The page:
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British House of Lords is useful on occasion

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It doesn't happen often, but in this case they are making a valid case. CCTV has been helpful to police but at the same time, how much surveillance is enough? And when is there too much information to digest, anyway? Neither party in the UK seems interested in personal liberties though it has been under New Labour that the surveillance society has expanded right down to tracking cars.

The steady expansion of the "surveillance society" risks undermining fundamental freedoms including the right to privacy, according to a House of Lords report published today.

The peers say Britain has constructed one of the most extensive and technologically advanced surveillance systems in the world in the name of combating terrorism and crime and improving administrative efficiency.

The report, Surveillance: Citizens and the State, by the Lords' constitution committee, says Britain leads the world in the use of CCTV, with an estimated 4m cameras, and in building a national DNA database, with more than 7% of the population already logged compared with 0.5% in the America.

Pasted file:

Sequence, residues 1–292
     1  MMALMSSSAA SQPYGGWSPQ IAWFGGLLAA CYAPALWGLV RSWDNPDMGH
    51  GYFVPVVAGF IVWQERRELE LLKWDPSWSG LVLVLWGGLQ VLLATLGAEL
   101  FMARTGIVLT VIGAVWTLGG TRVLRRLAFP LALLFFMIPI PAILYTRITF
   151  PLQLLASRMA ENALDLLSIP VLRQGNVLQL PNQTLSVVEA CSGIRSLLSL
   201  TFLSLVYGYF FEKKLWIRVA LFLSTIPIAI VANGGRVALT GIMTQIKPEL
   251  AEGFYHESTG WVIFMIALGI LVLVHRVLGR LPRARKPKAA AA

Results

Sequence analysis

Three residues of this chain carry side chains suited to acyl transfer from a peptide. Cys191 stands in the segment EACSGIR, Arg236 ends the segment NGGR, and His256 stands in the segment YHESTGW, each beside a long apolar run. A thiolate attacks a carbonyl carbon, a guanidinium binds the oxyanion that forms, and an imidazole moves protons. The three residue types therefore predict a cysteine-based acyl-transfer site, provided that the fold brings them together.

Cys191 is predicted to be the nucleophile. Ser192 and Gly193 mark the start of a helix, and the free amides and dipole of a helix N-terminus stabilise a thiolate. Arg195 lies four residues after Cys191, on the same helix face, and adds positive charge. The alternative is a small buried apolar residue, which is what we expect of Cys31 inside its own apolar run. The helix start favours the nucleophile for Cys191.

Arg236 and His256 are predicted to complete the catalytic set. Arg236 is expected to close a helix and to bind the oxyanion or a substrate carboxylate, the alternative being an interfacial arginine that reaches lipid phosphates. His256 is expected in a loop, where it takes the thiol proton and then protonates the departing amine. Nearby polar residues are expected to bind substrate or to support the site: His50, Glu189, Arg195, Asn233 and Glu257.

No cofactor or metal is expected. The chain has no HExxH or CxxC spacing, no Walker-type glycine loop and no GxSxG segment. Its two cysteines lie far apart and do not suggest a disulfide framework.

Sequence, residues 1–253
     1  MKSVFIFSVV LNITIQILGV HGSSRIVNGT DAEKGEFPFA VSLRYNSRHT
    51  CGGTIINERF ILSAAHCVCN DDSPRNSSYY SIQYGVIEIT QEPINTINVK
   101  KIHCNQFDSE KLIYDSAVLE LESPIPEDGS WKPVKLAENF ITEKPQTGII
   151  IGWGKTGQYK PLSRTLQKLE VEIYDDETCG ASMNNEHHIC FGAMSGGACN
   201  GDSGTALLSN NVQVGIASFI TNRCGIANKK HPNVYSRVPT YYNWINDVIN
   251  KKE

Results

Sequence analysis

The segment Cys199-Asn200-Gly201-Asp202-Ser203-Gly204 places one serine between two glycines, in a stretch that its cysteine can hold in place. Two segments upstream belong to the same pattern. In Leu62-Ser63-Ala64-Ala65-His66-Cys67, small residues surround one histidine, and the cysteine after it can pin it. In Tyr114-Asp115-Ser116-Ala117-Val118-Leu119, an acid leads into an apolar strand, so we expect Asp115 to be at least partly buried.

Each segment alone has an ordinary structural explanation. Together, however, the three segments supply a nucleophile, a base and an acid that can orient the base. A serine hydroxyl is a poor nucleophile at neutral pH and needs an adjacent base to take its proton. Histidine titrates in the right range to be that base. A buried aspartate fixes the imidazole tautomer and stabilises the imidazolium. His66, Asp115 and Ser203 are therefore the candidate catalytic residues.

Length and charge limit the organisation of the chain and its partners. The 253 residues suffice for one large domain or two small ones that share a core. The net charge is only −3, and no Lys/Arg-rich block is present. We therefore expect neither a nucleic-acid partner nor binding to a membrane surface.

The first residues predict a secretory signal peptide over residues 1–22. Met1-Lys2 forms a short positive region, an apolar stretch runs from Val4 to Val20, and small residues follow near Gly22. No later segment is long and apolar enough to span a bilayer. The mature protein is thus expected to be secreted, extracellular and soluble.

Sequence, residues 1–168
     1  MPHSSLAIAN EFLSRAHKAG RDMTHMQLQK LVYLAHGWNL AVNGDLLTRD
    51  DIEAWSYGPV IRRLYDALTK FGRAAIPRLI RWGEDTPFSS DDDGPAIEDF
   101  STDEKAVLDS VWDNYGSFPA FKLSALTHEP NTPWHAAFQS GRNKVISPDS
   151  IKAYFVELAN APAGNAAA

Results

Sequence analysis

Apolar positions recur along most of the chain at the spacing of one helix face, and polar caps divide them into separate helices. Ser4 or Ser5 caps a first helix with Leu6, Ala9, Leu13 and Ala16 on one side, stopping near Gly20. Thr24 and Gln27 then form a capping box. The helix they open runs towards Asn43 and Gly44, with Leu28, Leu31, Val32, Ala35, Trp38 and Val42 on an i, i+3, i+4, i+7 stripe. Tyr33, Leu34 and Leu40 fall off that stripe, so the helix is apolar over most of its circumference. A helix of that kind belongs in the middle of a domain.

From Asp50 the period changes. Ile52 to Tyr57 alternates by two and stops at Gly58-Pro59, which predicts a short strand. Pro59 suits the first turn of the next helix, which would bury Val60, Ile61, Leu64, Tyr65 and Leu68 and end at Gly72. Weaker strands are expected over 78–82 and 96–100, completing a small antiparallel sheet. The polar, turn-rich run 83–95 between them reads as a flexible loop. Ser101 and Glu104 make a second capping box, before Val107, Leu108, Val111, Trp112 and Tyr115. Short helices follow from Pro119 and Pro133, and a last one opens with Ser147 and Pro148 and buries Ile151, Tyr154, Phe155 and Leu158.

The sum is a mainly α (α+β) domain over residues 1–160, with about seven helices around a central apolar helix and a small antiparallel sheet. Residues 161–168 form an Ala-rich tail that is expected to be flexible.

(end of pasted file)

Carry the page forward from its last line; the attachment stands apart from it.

The cross-party committee which includes Lord Woolf, a former lord chief justice, and two former attorneys general, Lord Morris and Lord Lyell, warns that "pervasive and routine" electronic surveillance and the collection and processing of personal information is almost taken for granted.

Although many surveillance practices and data collection processes are unknown to most people, the expansion in their use represents "one of the most significant changes in the life of the nation since the end of the second world war", the report says. The committee warns that the national DNA database could be used for "malign purposes", challenges whether CCTV cuts crime and questions whether local authorities should be allowed to use surveillance powers at all.

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